Site specific Installation @ Port Angeles Fine Arts Center


While walking the trails of Webster’s Woods Art Park, I came across this hollowed tree trunk, which inspired me to create a natural, sacred space like the ones found in the Himalayas. Noticing the similarities between the landscapes of Nepal and the Pacific Northwest, I was stimulated to interpret natural materials to reflect the aesthetic and spiritual sensibilities of my cultural heritage.

Red earth suspended in cloth defines the sculptural space. A rock becomes the focal point for contemplation. To evoke the cycle of growth and decay, barley seeds planted in the earth add phases of color to the installation. Threads wrapped around the tree, as performed in South Asia, invoke the spirit of nature and introduce more color and movement to the work.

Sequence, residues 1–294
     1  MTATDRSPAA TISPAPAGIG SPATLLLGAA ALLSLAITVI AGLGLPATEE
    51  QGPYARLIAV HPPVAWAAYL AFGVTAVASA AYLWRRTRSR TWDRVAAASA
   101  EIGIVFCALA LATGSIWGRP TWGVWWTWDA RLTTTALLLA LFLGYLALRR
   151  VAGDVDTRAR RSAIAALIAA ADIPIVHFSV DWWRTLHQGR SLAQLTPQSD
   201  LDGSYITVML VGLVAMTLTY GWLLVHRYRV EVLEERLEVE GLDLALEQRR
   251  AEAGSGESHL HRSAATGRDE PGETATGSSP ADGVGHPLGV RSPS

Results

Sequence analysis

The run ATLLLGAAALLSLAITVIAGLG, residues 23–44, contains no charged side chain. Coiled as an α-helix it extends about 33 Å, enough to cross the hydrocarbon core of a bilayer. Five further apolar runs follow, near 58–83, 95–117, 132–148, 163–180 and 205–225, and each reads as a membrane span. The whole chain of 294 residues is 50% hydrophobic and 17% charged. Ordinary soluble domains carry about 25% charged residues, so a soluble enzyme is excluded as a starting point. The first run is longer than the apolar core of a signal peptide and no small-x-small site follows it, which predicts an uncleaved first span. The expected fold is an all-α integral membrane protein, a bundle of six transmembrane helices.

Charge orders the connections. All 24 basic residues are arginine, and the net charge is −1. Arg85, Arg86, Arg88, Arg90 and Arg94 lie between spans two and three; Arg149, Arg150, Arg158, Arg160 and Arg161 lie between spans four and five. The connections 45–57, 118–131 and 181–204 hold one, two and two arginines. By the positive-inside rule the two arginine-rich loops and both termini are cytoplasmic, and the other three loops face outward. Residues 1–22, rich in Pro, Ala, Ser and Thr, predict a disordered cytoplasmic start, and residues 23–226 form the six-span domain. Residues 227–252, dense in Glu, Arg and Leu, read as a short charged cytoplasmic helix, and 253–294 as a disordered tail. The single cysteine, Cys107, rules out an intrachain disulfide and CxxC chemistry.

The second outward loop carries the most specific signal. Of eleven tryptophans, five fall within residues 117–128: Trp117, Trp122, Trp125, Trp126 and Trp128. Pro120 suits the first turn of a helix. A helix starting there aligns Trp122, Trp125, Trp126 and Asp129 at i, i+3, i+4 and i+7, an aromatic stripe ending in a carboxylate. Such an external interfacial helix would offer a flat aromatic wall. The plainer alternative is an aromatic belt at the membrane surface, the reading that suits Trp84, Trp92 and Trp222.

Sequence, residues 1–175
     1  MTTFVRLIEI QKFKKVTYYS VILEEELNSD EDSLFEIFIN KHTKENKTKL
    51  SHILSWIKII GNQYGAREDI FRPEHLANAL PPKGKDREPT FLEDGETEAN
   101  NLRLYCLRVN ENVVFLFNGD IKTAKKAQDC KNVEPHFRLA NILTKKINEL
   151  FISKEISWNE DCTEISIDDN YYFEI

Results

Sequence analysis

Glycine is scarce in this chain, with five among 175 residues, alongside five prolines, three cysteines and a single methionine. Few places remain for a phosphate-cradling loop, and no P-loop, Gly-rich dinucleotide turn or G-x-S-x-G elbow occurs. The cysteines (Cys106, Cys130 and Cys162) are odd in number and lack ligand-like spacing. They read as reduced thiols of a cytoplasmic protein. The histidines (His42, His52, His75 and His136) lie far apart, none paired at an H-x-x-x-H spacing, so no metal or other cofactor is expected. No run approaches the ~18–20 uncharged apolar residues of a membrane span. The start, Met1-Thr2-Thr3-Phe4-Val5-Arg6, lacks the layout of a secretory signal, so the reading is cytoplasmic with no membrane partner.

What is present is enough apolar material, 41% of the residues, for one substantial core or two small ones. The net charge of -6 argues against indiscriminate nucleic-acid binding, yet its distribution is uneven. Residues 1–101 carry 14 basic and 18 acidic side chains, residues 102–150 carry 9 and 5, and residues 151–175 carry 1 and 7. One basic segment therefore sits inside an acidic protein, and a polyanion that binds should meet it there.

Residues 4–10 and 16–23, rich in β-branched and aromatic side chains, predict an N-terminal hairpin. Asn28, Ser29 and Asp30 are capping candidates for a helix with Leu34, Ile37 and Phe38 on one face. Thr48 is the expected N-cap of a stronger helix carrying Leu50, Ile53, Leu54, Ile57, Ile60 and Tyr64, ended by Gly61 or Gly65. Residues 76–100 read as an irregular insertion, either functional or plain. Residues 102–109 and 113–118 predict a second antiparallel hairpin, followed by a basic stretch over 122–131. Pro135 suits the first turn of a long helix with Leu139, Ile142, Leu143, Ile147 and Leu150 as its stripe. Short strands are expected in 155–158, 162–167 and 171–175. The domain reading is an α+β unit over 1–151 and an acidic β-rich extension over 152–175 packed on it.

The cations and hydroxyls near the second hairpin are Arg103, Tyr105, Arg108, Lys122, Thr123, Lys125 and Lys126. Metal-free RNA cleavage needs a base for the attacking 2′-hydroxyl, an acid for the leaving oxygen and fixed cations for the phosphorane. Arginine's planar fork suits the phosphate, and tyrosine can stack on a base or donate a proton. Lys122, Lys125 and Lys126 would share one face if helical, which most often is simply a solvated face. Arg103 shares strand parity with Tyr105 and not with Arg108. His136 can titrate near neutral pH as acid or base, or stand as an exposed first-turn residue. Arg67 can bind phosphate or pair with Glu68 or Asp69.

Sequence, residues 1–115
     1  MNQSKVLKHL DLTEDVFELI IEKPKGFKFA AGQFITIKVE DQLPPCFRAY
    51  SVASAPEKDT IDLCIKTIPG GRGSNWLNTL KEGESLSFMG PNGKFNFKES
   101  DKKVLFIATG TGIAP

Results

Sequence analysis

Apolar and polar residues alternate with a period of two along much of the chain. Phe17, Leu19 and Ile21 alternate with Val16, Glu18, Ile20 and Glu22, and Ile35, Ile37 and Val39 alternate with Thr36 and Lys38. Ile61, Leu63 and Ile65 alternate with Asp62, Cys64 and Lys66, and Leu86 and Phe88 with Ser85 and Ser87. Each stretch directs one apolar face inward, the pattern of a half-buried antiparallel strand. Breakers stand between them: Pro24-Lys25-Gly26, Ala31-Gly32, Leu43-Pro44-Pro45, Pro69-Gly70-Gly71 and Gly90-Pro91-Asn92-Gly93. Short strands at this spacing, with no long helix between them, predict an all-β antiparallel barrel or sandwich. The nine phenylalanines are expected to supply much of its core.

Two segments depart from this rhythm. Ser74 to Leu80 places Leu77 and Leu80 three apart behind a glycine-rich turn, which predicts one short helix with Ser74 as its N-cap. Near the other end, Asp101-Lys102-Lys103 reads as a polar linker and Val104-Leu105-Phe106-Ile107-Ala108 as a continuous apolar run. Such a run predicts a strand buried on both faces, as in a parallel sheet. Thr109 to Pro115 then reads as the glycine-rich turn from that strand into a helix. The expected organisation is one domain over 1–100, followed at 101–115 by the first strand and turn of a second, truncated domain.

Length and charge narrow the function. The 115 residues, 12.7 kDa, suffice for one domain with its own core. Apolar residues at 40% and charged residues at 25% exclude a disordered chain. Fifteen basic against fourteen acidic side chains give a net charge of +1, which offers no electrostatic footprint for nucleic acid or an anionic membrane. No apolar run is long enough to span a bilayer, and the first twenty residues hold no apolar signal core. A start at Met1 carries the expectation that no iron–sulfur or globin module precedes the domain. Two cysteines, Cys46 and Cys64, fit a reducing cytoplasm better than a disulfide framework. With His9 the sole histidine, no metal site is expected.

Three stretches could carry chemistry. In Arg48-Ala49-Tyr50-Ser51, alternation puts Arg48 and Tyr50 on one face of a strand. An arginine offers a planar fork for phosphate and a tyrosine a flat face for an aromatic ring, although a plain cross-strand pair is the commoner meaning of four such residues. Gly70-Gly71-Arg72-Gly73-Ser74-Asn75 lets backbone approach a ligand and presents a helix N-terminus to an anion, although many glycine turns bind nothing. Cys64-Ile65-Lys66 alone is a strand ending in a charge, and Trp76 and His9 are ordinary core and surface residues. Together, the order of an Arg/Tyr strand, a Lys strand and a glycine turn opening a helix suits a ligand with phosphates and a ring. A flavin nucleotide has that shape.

With the passage of time, earth pigments will stain the fabric that will eventually disintegrate. Earth and rock will fall away and the space will return to its original state.



Stupa for Webster’s Woods Art Park, 2011 
My 2010 installation at Webster’s Woods Art Park was inspired by the similarities between landscapes of the Himalayas and the Pacific Northwest. Within this context, I used natural materials to interpret the aesthetic and spiritual sensibilities of Nepali culture. For 2011, I am further exploring the concept of uniting aspects of two places and traditions. Stupa is made from a Doko, a bamboo basket used to transport materials. It is covered with burlap, red earth, manila rope, aromatic bees wax, and the black resin of seelajeet, an ayurvedic medicine & river rocks. Stupa means “mound” in Sanskrit.
Installation is 5 ft 4 inch high 6 ft diameter.